"I still think one of the greatest magic tricks you can do in entertainment is have something that kids watch and love, and then they either grow up, or they're watching with their parents who get something different out of it. I think that's the masterstroke. I know there's a bunch of kids out there who play through Slime Rancher and they never read the Slimepedia, they never read the love story that's in there, or little bits of philosophy or see what the game is even about – you need to take care of these creatures, there's a relationship you have with them. They're not just cattle."

My take is that when you bring a bit of life into a game, things start to slip from your control. If you make games the right way, they get a bit of wildness to them: the neat satires you plan don't fit, but the mocking ghosts of those satires make cheerier interpretations quietly fraught too. So Slime Rancher's cute, and it's horrible, and it's both of these things even when they contradict one another. And why should it make sense in any easier kind of way?

So where do I end up on this? If I had to sum up what I suspect at the moment, then, it's that Slime Ranger 2, with its grinny, pooping slimes and unicorn ice cream vibes, both exploits and explores our dangerous ability to live with serious contradictions. And maybe it's a bit about the way that the warm familiarity of good game systems and loops encourages you to justify what you're doing when everything just feels so nice.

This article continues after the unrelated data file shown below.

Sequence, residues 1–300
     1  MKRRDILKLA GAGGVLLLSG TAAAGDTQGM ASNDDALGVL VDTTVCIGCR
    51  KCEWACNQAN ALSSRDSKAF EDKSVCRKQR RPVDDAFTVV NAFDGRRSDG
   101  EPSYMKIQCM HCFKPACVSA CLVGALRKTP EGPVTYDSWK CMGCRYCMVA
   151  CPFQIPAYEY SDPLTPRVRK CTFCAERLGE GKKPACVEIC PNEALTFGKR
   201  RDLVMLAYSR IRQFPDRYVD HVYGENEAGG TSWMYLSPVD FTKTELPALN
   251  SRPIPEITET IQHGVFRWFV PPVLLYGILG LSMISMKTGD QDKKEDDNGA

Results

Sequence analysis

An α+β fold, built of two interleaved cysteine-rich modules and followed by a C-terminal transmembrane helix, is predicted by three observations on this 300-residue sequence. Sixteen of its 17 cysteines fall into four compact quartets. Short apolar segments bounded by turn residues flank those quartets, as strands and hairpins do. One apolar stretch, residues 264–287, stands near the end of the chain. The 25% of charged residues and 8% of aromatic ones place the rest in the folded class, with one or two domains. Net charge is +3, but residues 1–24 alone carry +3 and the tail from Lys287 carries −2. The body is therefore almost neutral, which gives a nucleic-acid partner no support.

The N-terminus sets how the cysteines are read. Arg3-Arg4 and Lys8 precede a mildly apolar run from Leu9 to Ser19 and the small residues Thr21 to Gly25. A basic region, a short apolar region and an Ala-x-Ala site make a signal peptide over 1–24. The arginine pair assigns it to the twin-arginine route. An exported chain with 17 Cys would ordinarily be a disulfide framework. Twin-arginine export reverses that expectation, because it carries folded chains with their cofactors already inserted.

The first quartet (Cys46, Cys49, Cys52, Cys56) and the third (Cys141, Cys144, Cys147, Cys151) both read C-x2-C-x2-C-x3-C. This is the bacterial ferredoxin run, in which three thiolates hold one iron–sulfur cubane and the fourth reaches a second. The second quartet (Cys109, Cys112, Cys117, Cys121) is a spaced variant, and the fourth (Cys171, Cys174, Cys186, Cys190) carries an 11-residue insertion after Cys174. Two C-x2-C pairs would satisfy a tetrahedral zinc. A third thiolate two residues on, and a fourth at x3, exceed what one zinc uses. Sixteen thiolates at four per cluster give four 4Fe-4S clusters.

But it's the idea of ending up on a single interpretation which is probably the problem here. What I love about this game is that it's clearly born of ambivalence, of ideas that could only ever get slightly away from everyone and refuse to settle down. This game isn't solvable, I reckon, and in 2022 that's about the highest compliment I can offer.

Become a Eurogamer subscriber and get your first month for £1

Get your first month for £1 (normally £3.99) when you buy a Standard Eurogamer subscription. Enjoy ad-free browsing, merch discounts, our monthly letter from the editor, and show your support with a supporter-exclusive comment flair!

About the Author

Christian Donlan avatar

Christian Donlan

Features Editor

Christian Donlan is a features editor for Eurogamer. He is the author of The Unmapped Mind, published as The Inward Empire in the US.

Comments

More Features

Latest Articles

Supporters Only

Eurogamer.net logo

Buy things with globes on them

And other lovely Eurogamer merch in our official store!

Explore our store
Eurogamer.net Merch